Friday, December 19, 2014


I beat my sister at Oware today
in two hours of nearly untroubled silence.

As children,
we didn't see eye to eye often.

She insisted our dolls should have
perfectly brushed straight hair.
I learned to use scissors.

She wanted to sleep on the top bed.
I claimed it first!

I learned how to use a lighter.
She got burned.

We were both afraid of the dark.
I came up with a monster under the bed.
[we called it 'Mrs. Wig']

As children,
we were regularly warned by the father

we wouldn't be let into the world
if we didn't make peace with each other.

We were grounded for years,
I remember.

I complain about her sluggishness,
she still makes fun of my math.

(From left to right: Daniela, me and Kelle)

  • There's a one-year age difference between Kelle and me, this poem is for/about her.
  • Oware is an abstract strategy game among the bigger Mancala family of board games. They say you can't be selfish if you play Oware. I was incredibly selfish as child. Thank God I also had sisters growing up.
  • Oware works with two sacred principles: you must sow if you want to reap and you must learn to give if you want to receive.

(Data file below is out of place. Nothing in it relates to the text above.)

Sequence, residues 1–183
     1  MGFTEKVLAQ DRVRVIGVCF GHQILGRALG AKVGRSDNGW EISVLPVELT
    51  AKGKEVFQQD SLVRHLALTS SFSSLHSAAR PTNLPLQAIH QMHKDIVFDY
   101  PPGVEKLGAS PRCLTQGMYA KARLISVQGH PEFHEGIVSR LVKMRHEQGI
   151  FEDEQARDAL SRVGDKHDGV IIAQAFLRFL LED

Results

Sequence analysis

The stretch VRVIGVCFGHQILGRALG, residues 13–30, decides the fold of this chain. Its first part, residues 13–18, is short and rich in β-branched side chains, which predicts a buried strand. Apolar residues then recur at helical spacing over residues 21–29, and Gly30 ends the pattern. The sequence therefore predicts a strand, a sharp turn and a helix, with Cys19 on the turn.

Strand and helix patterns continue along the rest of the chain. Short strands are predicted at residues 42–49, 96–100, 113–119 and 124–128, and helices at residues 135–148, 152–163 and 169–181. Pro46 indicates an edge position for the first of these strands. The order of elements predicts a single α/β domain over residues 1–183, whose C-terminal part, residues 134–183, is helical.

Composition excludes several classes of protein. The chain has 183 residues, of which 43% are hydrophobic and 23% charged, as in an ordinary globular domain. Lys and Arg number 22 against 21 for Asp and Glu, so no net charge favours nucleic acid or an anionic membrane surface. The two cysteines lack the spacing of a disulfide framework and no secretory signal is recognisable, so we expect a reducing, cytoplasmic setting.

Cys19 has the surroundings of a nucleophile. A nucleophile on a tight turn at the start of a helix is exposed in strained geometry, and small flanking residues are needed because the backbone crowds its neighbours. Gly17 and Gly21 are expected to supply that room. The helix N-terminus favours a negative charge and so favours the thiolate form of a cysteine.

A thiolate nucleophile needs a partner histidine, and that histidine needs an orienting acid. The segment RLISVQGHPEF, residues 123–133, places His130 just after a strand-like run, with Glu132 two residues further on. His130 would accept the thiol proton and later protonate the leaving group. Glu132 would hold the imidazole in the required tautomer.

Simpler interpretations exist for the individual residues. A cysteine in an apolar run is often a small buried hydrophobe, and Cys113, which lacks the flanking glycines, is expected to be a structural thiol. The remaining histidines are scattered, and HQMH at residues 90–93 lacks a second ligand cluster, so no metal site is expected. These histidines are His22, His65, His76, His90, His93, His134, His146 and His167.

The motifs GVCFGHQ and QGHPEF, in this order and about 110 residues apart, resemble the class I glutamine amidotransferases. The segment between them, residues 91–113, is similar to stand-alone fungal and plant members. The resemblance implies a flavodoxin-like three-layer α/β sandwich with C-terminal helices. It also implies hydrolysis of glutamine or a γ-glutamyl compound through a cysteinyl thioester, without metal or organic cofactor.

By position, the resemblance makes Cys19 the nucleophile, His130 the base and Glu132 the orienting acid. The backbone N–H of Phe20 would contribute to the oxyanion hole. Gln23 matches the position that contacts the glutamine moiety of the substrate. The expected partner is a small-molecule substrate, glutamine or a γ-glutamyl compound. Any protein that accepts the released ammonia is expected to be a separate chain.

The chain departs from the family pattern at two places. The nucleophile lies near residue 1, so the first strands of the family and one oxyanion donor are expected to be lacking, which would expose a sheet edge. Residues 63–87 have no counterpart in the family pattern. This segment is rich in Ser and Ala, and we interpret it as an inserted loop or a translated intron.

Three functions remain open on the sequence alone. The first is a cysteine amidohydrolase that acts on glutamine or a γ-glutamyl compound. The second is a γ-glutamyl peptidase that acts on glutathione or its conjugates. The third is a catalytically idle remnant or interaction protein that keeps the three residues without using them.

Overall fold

1. After I looked up Oware, this poem opened up and let me see the strategies among siblings. And the silence in 2 hoursof play may seem precious now. Fine. fine. Thank you, Kenia, for the amazing comment you left on my blog recently.

    1. Ah Susan, I am the one to be thankful for your attention and wise critique. <3

  2. This is delightful, Kenia. I wish I had had that game when my girls were growing up!

  3. This is a very similar poem to my own life. I have two younger brothers and we always have our squabbles. Not so much now that we are older though, but this definitely reminded me of those days.

    There is a game that I play that is similar to the two sacred principles of Oware, and that game is an ancient strategy board game called Go. It originally was developed and created in China many years ago, but since then has expanded drastically all over the world. It definitely is a game that teaches patience and weighing out whether a person should take or throw away.

    1. I've always craved a brother, because I've always had a mind very different from my sisters'. And I also play Go - love it. I learned it from an old boyfriend of mine, the only person I know who could play it. After we broke up, I was forced to rely on online Go servers, I usually play on Pandanet.

      Thanks for a lovely comment. I'm glad to hear the poem brought good days back to your mind.


  4. Got to love sisters . . . this reminded me of the time I tried giving my sisters Sindy doll a bobbed haircut only to have it turn into a crew cut. . . . I like you I was the one with the scissors! I also got the top bunk. :) She got her own back though. I've always hated the ticking of a clock so she would hide one in my bedroom that was super loud.

    1. Oh Kathryn, I'm so glad to hear your sisterhood stories and learn we've had things in common as children! Thanks for sharing a comment here.


  5. Anonymous12/20/2014

    sweet pen. i had the top bunk and endlessly pestered my younger brother, who, somewhat surprisingly, has forgiven me ~